October 29, 2021


Like Bartimaeus, be courageous, open your mind and heart to God

“They came to Jericho. And as he was leaving Jericho with his disciples and a sizable crowd, Bartimaeus, a blind man, the son of Timaeus, sat by the roadside begging. On hearing that it was Jesus of Nazareth, he began to cry out and say, ‘Jesus, Son of David, have pity on me’ ” (Mk 10:46-47).

The story in the Gospel reading for the weekend of Oct. 23-24 presents us Bartimaeus, a blind man in Jericho, and the courage he had to call out to Jesus to heal him.

As Pope Francis tells us in his reflection on the reading before reciting the Angelus on Oct. 24 at the Vatican, “Bartimaeus had lost his sight, but not his voice!”

And his voice is all the stronger when Christ asks him what he wants him to do for him: “Master, I want to see,” Bartimaeus replies (Mk 10:51).

We see Jesus’ loving response to his request quickly. “ ‘Go your way; your faith has saved you.’ Immediately, he received his sight and followed him on the way” (Mk 10:52).

Despite the pleas of many in the crowd to not bother Jesus, Bartimaeus ignores their words and is not afraid to approach Jesus because he believes he is the Messiah.

And as Pope Francis tells us, “God always listens to the cry of the poor and is not at all disturbed by Bartimaeus’ voice; rather, he realizes it is full of faith, a faith that is not afraid to insist, to knock on the door of God’s heart, despite not being understood and being reproached. And here lies the root of the miracle. Indeed, Jesus says to him: ‘Your faith has made you well’ ” (Mk 10:52).

Bartimaeus’ faith, we see, is centered around prayer. He calls Jesus the “Son of David,” the pope tells us, acknowledging Jesus as the Messiah who would come into the world. And he speaks to Jesus from his heart.

“He does not ask for a favor but presents himself: he asks for mercy on his person, on his life,” the Holy Father said. “It is not a small request, but it is so beautiful because it is a cry for mercy, that is, compassion, God’s mercy, his tenderness.”

The story of Bartimaeus might lead us to ask ourselves: Do we have the courage to call out and knock on the door of God’s heart? And to speak to him from our heart?

Our faith teaches we have an all-loving God, always listening to us, wanting what’s best for us, eager to speak to us in the silence of our hearts and through others. The questions we must constantly ask ourselves are: Do we speak to God on a consistent basis? Despite the chaos in world in which we live, do we take time to listen to him? Do we see him in others who cross our paths each day?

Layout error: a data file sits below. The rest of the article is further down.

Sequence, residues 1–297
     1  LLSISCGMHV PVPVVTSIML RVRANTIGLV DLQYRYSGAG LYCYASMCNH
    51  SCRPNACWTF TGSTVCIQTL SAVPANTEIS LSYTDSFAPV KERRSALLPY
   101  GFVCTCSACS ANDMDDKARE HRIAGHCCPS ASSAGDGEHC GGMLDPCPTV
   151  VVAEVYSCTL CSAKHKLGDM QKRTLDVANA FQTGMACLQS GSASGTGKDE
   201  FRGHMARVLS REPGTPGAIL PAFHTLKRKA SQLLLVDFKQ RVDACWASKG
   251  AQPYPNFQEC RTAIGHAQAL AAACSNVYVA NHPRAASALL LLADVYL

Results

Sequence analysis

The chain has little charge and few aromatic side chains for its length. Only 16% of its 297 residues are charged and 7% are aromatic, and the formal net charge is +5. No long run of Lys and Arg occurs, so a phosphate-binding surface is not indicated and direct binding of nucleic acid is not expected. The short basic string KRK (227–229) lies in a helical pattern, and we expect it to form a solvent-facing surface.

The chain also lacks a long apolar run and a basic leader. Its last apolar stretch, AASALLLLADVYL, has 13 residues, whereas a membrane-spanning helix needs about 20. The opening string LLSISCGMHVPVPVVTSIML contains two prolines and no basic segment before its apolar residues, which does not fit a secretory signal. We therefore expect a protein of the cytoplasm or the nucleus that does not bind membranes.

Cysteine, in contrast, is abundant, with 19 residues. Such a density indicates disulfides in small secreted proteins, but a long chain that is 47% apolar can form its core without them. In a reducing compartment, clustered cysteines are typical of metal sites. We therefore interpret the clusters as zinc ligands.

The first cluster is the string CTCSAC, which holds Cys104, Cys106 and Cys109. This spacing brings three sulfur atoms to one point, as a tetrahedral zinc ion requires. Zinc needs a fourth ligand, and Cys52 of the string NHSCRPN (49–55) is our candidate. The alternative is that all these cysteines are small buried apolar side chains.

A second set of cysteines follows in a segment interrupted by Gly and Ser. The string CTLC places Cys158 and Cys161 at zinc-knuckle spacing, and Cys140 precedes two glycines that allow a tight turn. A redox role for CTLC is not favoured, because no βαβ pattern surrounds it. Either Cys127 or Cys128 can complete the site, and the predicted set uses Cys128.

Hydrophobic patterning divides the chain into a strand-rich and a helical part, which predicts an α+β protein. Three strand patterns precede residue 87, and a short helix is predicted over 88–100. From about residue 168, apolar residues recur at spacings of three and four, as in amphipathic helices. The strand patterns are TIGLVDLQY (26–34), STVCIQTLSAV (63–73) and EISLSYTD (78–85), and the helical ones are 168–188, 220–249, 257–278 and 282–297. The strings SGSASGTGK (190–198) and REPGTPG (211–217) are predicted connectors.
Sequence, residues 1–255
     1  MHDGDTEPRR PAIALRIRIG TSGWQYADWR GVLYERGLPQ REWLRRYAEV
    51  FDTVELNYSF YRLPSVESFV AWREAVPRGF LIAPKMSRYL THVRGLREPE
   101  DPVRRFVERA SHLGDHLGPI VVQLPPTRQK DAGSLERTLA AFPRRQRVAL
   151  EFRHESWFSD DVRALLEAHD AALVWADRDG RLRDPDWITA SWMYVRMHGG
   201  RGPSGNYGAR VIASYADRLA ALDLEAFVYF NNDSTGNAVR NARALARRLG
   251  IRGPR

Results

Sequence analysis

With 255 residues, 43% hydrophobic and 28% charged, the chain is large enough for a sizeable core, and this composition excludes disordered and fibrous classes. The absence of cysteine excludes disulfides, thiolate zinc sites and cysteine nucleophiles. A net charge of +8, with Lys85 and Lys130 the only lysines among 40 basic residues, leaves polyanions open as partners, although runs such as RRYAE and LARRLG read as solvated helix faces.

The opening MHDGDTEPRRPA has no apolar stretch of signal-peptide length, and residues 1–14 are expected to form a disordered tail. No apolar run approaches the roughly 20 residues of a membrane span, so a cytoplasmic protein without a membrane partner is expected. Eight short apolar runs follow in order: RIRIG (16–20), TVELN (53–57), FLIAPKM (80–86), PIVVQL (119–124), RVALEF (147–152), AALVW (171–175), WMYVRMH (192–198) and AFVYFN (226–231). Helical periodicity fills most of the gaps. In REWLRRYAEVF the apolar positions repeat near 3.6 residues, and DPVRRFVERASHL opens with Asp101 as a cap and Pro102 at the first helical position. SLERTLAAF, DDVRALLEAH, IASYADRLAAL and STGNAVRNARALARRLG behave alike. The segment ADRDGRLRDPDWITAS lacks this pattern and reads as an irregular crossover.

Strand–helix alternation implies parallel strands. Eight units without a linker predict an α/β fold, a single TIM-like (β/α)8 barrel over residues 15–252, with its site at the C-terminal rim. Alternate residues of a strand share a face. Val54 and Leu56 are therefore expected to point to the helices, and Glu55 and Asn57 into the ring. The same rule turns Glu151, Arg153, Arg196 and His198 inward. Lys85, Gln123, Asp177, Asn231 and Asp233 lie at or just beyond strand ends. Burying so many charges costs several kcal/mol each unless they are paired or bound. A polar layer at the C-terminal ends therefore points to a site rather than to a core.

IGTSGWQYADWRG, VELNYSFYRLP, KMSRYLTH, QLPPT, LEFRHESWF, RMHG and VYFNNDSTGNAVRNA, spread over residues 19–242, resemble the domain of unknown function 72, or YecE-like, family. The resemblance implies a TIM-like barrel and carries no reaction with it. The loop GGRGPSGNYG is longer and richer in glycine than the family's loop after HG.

Bartimaeus did not use many words, Pope Francis reminds us, but says what is important “and entrusts himself to God’s love which can make his life flourish again by doing what is humanly impossible.

“This is why he does not ask the Lord for alms but makes everything be seen—his blindness and his suffering which was far more than not being able to see. His blindness was the tip of the iceberg; but there must have been wounds, humiliations, broken dreams, mistakes, remorse in his heart,” the pope says. “And what about us? When we ask for God’s grace, in our prayer do we also include our own history, our wounds, our humiliations, our broken dreams, our mistakes and our regrets?”

As people of faith, we believe Bartimaeus regaining his sight was a miracle. But sadly, many people today fail to believe miracles are possible.

Pope Francis says we too should have the courage and faith to ask God for everything because he can give us everything.

Let us remember God has plans for each of us. Although some may find it hard to fathom, we are all called to be saints.

As we approach the Solemnity of All Saints on Nov. 1, may we remember those who have gone before us—officially canonized or not—who lived heroically virtuous lives, offered their life for others, or were martyred for the faith, and who are worthy of imitation.

May we each have the courage of Bartimaeus to appeal to God’s compassion, mercy and tenderness.

And as St. John Paul II taught us, let us “be not afraid” to turn to God with all our heart.

—Mike Krokos

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